“Growth becomes more fragile” in countries with high levels of inequality like the United States, said Jonathan D. Ostry of the International Monetary Fund, whose research suggests that the widening disparity since the 1980s might shorten the nation’s economic expansions by as much as a third.
Reducing inequality and bolstering growth, in the long run, might be “two sides of the same coin,” research published last year by the I.M.F. concluded.”
Well, yeah, but this is an interesting shift for the IMF:
“For years, economists have thought of such inequality in part as a side effect of policies that fostered the country’s economic dynamism — its tax preferences for investment income, for instance. And organizations like the World Bank and the I.M.F., which is based in Washington, have generally not tackled inequality in the world head on.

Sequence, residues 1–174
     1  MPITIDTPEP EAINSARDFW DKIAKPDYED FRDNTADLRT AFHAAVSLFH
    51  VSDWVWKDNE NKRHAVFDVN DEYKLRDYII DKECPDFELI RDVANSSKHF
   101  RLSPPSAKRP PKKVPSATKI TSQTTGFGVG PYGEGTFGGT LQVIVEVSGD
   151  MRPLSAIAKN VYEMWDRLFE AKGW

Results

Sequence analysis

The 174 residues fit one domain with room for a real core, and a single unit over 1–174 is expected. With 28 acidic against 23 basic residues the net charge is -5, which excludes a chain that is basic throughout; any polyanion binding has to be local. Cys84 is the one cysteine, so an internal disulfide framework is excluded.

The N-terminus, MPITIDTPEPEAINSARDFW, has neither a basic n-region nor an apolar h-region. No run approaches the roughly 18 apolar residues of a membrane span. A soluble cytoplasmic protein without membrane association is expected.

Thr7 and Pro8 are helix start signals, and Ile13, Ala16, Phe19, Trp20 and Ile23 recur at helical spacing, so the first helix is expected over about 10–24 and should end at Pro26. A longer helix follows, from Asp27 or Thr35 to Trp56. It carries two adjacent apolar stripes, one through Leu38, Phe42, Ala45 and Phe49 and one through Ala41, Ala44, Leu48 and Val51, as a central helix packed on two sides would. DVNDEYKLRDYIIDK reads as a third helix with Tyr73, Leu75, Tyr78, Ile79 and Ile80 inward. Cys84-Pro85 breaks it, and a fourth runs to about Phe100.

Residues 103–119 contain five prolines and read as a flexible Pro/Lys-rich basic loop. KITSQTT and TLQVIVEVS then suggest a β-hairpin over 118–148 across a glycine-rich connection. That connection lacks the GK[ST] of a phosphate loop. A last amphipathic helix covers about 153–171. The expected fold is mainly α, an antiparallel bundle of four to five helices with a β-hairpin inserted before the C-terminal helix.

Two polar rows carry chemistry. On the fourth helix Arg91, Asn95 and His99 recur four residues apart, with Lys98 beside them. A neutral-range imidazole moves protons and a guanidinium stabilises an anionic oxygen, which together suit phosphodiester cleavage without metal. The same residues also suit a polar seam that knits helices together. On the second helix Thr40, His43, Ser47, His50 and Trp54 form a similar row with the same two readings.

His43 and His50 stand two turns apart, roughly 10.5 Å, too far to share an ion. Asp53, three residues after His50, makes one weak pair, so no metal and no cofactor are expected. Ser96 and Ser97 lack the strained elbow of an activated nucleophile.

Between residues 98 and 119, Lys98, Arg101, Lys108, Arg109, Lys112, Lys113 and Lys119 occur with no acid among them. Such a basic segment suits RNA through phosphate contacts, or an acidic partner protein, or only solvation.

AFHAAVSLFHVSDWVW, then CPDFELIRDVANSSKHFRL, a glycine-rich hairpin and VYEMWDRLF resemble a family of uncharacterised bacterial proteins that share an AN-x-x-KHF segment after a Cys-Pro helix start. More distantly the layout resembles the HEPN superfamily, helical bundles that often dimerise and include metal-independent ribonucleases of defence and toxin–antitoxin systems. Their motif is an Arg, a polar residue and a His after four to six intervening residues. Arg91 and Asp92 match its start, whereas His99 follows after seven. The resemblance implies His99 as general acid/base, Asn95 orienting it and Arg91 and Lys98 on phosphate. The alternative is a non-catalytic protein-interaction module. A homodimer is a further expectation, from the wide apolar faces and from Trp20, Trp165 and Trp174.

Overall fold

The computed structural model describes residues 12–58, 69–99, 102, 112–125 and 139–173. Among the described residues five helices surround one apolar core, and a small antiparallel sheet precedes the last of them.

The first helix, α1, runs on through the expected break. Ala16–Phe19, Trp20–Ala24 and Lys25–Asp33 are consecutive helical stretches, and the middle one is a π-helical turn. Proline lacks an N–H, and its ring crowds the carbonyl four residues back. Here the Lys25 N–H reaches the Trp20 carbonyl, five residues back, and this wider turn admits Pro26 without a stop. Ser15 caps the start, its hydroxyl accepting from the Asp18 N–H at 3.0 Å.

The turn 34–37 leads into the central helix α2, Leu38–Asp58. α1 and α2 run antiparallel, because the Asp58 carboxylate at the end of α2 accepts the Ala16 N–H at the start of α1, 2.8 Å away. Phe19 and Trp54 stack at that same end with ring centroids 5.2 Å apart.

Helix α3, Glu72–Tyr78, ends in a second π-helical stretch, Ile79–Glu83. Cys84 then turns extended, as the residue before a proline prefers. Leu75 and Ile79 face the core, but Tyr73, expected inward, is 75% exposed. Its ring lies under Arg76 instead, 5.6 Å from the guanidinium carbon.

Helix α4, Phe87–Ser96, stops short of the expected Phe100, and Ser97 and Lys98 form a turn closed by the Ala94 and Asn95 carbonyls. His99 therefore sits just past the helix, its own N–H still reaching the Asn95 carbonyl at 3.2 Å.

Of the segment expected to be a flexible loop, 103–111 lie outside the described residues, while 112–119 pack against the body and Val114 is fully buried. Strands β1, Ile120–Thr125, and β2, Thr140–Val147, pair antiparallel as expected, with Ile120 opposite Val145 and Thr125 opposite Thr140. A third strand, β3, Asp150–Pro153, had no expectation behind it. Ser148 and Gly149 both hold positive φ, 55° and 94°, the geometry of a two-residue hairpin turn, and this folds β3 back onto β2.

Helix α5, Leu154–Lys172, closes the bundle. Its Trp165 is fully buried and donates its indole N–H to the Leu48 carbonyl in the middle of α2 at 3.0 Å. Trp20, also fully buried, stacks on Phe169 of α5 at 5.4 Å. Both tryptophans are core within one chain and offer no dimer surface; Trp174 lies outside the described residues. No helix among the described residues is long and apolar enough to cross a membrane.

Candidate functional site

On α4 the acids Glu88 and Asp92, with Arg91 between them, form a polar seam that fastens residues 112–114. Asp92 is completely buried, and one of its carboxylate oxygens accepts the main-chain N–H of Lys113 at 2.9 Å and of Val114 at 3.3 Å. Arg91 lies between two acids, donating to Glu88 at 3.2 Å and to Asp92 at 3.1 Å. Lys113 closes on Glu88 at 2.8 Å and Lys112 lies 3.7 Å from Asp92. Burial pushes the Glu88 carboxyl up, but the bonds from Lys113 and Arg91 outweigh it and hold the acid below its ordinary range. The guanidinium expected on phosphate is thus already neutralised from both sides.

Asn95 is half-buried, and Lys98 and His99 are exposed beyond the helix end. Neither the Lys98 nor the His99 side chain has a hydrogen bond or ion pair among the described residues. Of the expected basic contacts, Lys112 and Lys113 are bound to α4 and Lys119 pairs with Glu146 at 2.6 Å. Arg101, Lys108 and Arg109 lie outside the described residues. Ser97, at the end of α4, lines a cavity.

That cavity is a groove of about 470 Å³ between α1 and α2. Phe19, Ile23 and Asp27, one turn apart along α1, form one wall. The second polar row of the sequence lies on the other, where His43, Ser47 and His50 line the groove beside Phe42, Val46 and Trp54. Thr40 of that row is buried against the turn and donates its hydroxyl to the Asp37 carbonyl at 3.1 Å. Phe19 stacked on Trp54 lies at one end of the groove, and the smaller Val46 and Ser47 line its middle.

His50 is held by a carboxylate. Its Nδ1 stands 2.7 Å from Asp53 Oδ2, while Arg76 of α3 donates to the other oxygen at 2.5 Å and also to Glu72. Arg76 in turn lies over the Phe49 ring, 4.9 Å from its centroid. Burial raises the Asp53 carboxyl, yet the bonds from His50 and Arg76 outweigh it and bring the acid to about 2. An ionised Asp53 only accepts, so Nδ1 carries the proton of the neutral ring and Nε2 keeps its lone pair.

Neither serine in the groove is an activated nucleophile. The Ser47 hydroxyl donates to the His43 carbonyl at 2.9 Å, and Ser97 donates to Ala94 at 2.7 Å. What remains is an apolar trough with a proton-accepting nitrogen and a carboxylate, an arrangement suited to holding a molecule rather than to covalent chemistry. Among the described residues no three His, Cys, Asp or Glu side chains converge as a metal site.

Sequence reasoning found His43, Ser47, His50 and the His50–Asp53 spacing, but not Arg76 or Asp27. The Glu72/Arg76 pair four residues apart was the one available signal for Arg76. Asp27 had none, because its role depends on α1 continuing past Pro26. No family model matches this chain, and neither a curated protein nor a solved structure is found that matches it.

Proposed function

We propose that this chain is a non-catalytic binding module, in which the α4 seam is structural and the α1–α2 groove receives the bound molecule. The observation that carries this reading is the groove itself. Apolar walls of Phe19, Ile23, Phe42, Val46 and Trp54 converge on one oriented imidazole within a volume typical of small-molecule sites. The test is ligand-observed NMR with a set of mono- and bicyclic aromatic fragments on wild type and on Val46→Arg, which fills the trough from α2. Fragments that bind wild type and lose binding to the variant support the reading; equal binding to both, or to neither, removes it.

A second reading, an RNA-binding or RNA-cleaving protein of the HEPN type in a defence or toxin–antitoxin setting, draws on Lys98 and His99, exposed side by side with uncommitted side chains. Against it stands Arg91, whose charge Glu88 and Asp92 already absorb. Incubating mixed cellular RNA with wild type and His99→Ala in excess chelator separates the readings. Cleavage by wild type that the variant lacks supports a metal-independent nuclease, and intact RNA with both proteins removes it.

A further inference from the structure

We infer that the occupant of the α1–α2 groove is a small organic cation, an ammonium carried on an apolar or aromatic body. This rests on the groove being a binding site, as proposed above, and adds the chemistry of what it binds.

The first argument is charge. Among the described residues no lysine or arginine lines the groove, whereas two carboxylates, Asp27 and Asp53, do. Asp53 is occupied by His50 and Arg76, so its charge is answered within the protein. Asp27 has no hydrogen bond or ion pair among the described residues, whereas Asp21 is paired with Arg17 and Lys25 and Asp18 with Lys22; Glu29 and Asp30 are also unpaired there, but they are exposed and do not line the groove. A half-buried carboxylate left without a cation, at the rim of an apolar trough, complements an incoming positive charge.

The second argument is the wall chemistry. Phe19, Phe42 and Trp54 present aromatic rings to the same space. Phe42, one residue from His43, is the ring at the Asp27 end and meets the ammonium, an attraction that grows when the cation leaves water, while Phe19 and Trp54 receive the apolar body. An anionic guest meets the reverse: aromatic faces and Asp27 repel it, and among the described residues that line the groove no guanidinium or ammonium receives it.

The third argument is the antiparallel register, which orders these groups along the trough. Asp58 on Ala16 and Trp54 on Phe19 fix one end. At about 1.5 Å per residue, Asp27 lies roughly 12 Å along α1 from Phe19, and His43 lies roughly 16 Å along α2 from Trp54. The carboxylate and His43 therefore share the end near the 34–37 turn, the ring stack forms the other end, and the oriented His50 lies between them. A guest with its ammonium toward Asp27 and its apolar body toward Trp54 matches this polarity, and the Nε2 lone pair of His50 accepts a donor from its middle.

But economists’ thinking has changed sharply in recent years. The Organization for Economic Cooperation and Development this year warned about the “negative consequences” of the country’s high levels of pay inequality, and suggested an aggressive series of changes to tax and spending programs to tackle it.
The I.M.F. has cautioned the United States, too. “Some dismiss inequality and focus instead on overall growth — arguing, in effect, that a rising tide lifts all boats,” a commentary by fund economists said. “When a handful of yachts become ocean liners while the rest remain lowly canoes, something is seriously amiss.”
The concentration of income in the hands of the rich might not just mean a more unequal society, economists believe. It might mean less stable economic expansions and sluggish growth.